“Calling Abidjan” – estimating population distribution through analysis of mobile phone call data records

Big data, big challenge? Together with Harald Sterly of the University of Cologne I presented a little piece of research in the Extended Spatial Analytics session of the German Geography Congress (Deutscher Kongress für Geographie) in Berlin. The project “Calling Abidjan” that we worked on with Kouassi Dongo of Université de Cocody-Abidjan was started after we successfully applied for participation of the D4D Challenge. According to the initiator Orange telecommunications ‘Data for Development’ is “an innovation challenge open on ICT Big Data for the purposes of societal development”. The project allowed us to work with anonymised mobile phone data from individual call records by Orange in the country of Côte d’Ivoire (Ivory Coast).
We were interested in investigating, what non-computer scientists with a social science and urban planning background can do with such data in a more contextual rather that technically driven way and therefore explored how mobile phone call records can be used to better estimate population distribution.
For our analysis we used anonymised call data records consisting of information about the base station, timestamp, and caller ID produced by the approximately 500.000 Orange Télecom users in the country. There were 1079 base stations at the time the data was generated and we were able to work with data covering 183 days. The dataset consisted of 13GB of raw data which some would perhaps call ‘Big Data’ (though I personally do not like this term for many reasons).
The following two (draft) maps give an insight into the results. The purple circles show the distribution and density of population estimates that we derived using only mobile phone call records dataset. To better see the correlation with what other population data tells us about where people live, we did not only produce a normal land area map (on the left, also displaying some basic idea of the topography in the country) but also showed the data on a gridded population cartogram which we generated from the LandScan population grid, the perhaps most detailed population dataset currently available on a globally consistent high-resolution basis:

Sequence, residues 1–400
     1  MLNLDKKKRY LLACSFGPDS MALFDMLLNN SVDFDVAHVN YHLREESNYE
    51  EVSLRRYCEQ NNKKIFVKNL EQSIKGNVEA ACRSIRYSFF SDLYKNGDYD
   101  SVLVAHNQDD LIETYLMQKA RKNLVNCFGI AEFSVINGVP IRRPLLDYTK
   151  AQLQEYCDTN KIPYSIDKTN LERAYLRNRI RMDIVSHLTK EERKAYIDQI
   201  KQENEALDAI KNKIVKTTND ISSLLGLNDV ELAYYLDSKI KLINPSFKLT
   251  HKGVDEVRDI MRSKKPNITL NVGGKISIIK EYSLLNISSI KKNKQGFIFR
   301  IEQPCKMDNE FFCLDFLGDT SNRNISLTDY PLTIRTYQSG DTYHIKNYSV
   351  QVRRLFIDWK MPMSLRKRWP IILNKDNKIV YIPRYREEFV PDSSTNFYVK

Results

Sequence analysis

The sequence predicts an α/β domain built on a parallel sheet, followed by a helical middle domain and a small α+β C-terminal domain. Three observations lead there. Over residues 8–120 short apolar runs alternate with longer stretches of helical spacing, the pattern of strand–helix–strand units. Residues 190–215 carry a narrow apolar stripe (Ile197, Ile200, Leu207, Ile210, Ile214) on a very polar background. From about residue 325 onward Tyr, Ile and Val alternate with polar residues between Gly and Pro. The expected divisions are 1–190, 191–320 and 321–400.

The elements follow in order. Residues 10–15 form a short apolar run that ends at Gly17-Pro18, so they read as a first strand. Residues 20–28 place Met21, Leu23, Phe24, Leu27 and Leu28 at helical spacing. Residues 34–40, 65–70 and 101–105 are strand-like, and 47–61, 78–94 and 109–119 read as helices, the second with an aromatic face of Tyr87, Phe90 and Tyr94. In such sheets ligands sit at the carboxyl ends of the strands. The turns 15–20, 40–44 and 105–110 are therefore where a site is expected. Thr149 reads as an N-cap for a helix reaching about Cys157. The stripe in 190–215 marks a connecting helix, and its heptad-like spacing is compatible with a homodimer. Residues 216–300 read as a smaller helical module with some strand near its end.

Population maps of Ivory Coast / Côte d'Ivoire created using Mobile Phone Call Records
(click for larger version)

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Hyperspectral remote sensing and analysis of intertidal zones

The growing amount of remotely sensed data and the ongoing developments in the improvement of spatial and spectral resolutions lead to high expectations. These often inflated expectations are usually not fulfilled. I explored these expectations and aimed to make a contribution to bring them to a more accurate level in research in the field of hyperspectral image analysis of small scale and heterogeneous biotopes in the intertidal zones of coastal areas which I undertook back at my time at the University of Cologne and the Alfred Wegener Institute for Polar and Marine Research Bremerhaven. Here are some insights from my work.

Map overview of the Study Areas on Helgoland and Sylt
Overview of the study area on the islands of Helgoland and Sylt, Germany
(click for larger version)

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A population-centric map projection

Here is some material from a presentation at this year’s  AAG Annual Conference in Washington DC. The presentation People powered maps: A population-centric map projection was given in the session on Topics in GIS, Remote Sensing, and Spatial Analysis and showed some new works on our grid-based cartograms (as presented at GISRUK 2009 and ESRI UC 2009).
The following animation shows the transformation of a topographic map of the United States, ending in a grid-based population cartogram (and then reversing). Please notice that loading the animation takes a while on slower internet connections:

USA Animated Population Cartogram with Topography
(click for larger view)

This is the full presentation given at the AAG Meeting. Please note that the animated parts such as the above animation are not shown in this Slideshare version:

The content on this page has been created by Benjamin Hennig. Please contact me for further details on the terms of use.

Gridded cartogram tutorial

This is a short slideshow showing the basic steps that are needed to do your own gridded population cartograms (with a quite rough 1 degree grid – good for starting with this whole thing). Software needed for this simple click-through tutorial are ArcGIS and ScapeToad. If you want to go one step further, I’d recommend using the ArcScript Cartogram Geoprocessing Tool by Tom Gross, even though this is not featured in this demo:

The tutorial was given in October 2009 to students of the Module GEO6016 Data, Visualisation and GIS in the MSc in Social and Spatial Inequalities at the University of Sheffield.

The content on this page has been created by Benjamin Hennig. Please contact me for further details on the terms of use.